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    Military joins multi-agency response force to react to nuclear disaster

    Military joins multi-agency response force to react to nuclear disaster

    Photo By Staff Sgt. Patricia McMurphy | Soldiers, from a variety of installations assigned to the Logistics Task Force, go...... read more read more

    CAMP ATTERBURY, IN, UNITED STATES

    05.01.2016

    Story by Staff Sgt. Patricia McMurphy 

    28th Public Affairs Detachment

    More than 1,000 service members plus hundreds of civilian emergency personnel across the nation are training this week for a nightmare scenario that nobody wishes to happen but could – the detonation of a nuclear device in a major U.S. city.
    Exercise Vibrant Response 2016, hosted by U.S. Northern Command and its Army component, U.S. Army North (Fifth Army), began May 1. It is the military’s premier annual disaster response exercise and replicates a nuclear explosion in a highly-populated area using computer simulations.
    Although the exercise is military-led, civilian agencies are also playing a large role in Vibrant Response, reflecting the civilian-led nature of disaster response in the homeland.
    “We have FEMA, the state emergency department of management, National Guard and the Reserves all participating this week,” said Lt Col. Michael Bugaj, Vibrant Response Exercise Chief, United States Army North G7.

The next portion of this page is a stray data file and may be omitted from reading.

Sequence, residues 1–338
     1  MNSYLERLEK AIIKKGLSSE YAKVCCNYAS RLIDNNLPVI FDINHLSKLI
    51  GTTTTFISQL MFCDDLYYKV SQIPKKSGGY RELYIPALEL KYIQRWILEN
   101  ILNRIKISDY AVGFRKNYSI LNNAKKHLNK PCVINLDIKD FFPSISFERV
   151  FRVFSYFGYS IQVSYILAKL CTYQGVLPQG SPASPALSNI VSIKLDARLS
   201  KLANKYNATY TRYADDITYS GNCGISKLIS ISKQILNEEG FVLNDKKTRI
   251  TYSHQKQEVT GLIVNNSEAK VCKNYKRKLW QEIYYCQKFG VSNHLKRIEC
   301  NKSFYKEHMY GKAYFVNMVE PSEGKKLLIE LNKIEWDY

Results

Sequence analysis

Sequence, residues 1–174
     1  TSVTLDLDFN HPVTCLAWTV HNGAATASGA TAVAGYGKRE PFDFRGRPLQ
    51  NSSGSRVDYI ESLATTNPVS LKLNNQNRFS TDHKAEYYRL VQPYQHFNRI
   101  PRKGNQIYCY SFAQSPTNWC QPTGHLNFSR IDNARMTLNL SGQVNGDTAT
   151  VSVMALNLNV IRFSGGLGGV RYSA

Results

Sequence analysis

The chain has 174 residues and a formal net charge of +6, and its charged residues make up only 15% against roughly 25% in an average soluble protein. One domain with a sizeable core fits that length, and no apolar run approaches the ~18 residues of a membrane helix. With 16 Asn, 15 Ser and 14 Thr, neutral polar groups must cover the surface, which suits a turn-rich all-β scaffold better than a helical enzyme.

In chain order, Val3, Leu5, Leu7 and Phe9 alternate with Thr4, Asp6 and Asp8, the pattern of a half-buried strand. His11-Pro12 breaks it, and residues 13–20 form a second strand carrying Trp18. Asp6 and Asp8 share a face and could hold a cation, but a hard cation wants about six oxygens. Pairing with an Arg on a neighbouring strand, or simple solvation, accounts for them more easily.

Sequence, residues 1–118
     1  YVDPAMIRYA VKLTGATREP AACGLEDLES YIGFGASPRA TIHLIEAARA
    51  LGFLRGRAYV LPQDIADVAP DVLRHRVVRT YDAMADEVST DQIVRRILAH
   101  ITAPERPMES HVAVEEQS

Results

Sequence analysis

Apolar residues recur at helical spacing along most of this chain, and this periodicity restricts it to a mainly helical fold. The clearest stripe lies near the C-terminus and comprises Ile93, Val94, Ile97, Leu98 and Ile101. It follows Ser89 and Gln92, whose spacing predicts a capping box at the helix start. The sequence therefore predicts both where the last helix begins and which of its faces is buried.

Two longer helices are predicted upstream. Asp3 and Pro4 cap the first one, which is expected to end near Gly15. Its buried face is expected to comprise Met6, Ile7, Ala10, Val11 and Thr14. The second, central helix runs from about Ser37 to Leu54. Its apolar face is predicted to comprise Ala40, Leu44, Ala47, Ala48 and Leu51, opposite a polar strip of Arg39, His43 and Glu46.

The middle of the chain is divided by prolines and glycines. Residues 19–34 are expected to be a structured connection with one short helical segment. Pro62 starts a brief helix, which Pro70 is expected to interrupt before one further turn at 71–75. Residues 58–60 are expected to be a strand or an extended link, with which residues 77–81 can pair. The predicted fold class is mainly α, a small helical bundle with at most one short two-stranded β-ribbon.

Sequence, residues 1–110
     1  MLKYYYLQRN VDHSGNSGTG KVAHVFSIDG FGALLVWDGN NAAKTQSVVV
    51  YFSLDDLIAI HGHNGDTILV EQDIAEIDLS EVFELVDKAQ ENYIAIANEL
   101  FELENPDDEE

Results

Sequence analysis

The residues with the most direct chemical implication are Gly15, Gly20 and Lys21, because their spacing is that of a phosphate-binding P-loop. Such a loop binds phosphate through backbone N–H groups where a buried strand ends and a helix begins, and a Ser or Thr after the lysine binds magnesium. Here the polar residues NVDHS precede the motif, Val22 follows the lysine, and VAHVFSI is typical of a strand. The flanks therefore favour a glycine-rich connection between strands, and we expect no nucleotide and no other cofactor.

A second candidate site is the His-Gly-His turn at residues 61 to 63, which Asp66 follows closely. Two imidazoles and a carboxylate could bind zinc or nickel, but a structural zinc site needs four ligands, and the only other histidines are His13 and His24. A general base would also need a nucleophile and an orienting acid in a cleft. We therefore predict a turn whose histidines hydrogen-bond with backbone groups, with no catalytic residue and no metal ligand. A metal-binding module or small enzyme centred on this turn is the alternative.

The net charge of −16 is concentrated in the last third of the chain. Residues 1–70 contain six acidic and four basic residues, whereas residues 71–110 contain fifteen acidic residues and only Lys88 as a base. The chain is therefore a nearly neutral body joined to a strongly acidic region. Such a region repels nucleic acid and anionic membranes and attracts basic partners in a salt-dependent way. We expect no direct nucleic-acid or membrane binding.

“We are running a confirmation exercise for the (command and control) elements and running through scenarios for them to support federal, state and local agencies if a disaster were to happen,” he said.
    While the majority of United States military fighting forces focus much of their time and energy preparing for deployment overseas to fight and win the nation’s wars, the support of U.S. civil authorities is also a priority mission for the Department of Defense. Vibrant Response validates the units that have been tapped by DOD to support civil authorities.
    That includes military units from 28 states participating this year. Camp Atterbury, Indiana, serves as the hub for the exercise, but the computer-driven nature of the exercise allows many of those units to take part without leaving their home station. 4th Infantry Division’s 4th Sustainment Brigade from Fort Carson, Colorado, however, is sending many of its soldiers to the Hoosier state.
    “We will be serving as a support installation for the active duty military,” said Maj. Jason Cannon of the 4th Sustainment Brigade. “We will be receiving all the personnel and processing them as they arrive. We will also receive equipment and get it marshaled into the area so the units can be matched to their equipment, and exercise mission assignments.”
    More than 800 Army Soldiers are participating this week, alongside numerous Air Force and Marine personnel, under the command of Joint Task Force – Civil Support (JTF-CS), an active duty command based at Fort Eustis, Virginia.
    After JTF-CS is finished training, exercise directors will reset the scenario and the Indiana National Guard’s Task Force 38 (38th Infantry Division) and Army Reserve’s Task Force 76 (76th Operational Response Command), with more than 1,200 combined soldiers, will come in next week and exercise their procedures.

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    NEWS INFO

    Date Taken: 05.01.2016
    Date Posted: 05.02.2016 09:56
    Story ID: 197044
    Location: CAMP ATTERBURY, IN, US 

    Web Views: 294
    Downloads: 2
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    Military joins multi-agency response force to react to nuclear disaster